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What you need to know for 08/17/2017

Plenty of blame in Nicholaus collapse

Plenty of blame in Nicholaus collapse

Plenty of blame in Nicholaus collapse
The Nicholaus Building
Photographer: Peter Barber

In your report Monday about the Nicholaus Building you used the phrase “All that remains of Schenectady’s iconic Nicholaus building is a small pile of rubble, but what will replace it is up to the property owners who declined to fix it over the past year.” Just so that you understand the owners’ reason, let me explain.

The Nicholaus building was doomed to collapse the moment permission was granted to dig straight down immediately next to the building footing. There was no way to repair that building. When someone wants to save a structure, especially one that is 200 years old, an apron is left next to the footing so that there is support for the building.

The size of that apron is determined by the estimated weight of the building. When you cut straight down immediately next to a footing at any serious depth, the footing will collapse if not replaced immediately with a substantial substitute.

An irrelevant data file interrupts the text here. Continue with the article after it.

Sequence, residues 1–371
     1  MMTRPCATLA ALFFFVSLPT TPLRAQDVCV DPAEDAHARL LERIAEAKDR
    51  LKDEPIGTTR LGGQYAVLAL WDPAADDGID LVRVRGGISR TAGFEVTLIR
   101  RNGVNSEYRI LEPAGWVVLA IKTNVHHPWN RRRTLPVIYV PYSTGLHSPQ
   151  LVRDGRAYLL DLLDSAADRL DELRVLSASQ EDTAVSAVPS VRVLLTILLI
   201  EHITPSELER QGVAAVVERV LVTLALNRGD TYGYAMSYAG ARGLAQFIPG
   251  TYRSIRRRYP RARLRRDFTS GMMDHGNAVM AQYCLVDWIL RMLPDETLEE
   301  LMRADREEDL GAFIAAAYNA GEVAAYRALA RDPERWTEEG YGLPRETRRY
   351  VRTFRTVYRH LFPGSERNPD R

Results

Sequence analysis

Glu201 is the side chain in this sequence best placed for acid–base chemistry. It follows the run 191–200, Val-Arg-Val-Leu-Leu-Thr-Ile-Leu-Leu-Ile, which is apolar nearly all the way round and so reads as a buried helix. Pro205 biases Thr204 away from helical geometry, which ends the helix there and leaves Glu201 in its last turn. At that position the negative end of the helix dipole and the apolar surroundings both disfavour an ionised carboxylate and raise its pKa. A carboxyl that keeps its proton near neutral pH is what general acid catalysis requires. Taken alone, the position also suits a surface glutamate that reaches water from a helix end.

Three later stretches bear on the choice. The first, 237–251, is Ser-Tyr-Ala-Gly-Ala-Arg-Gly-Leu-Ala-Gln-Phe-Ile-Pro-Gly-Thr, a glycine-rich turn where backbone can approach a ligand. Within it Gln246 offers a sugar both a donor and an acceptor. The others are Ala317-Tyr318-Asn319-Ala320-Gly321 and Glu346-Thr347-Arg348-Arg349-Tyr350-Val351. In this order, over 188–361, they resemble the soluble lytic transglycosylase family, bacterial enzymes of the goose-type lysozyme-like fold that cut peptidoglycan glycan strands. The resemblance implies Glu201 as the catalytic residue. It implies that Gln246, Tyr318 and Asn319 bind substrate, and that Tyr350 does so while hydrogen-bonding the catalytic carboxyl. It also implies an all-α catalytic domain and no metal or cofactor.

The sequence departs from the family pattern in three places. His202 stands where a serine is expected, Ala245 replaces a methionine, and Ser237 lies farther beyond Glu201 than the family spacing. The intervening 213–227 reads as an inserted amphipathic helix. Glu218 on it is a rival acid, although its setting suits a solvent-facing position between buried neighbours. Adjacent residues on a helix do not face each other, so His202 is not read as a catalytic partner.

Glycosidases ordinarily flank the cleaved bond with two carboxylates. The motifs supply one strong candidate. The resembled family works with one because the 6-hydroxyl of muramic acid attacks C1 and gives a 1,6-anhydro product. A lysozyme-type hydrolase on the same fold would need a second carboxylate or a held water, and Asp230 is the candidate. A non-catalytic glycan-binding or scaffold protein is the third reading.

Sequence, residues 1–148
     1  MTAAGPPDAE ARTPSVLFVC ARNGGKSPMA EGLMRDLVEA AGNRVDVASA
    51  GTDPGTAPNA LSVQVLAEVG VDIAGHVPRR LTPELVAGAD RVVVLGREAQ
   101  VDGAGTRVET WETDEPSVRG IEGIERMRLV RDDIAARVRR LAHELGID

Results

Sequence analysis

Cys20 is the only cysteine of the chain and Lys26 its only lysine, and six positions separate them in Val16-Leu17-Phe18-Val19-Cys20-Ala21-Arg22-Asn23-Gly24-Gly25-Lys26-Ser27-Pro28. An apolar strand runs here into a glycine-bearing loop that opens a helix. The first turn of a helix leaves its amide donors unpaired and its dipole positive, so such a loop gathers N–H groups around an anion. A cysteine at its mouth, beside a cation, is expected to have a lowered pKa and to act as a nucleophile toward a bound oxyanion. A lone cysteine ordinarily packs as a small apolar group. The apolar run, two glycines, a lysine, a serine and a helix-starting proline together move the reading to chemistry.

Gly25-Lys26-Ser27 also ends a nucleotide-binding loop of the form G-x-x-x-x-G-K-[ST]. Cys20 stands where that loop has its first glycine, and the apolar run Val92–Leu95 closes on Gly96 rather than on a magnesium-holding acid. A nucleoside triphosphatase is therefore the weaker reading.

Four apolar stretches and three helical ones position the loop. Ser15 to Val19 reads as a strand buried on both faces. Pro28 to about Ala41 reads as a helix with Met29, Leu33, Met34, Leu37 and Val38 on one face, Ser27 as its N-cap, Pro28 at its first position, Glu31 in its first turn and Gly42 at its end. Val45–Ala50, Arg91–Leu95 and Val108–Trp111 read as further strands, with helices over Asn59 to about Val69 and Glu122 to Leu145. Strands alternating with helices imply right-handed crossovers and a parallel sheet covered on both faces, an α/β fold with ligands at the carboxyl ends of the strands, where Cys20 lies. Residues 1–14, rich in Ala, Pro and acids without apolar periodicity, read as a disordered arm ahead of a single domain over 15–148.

If the city granted permission for the contractor to remove soil immediately next to and straight down below the footing of that building it is as liable for damages as the contractor who did it.

There was no way after that was done that the owner of the building could have repaired it. It was doomed to fail from the time that was done.

If I were owner Viroj Chompupong, I would have a cease-and-desist order issued to halt construction of the apartment building until I was made whole for the damage that was done to my building. I would sue everyone involved, from the city for approval to the contractor who did the digging and the architect who wrote the plans.

They all should have known better than to do this and are liable.

Glenn Schermerhorn

Schenectady

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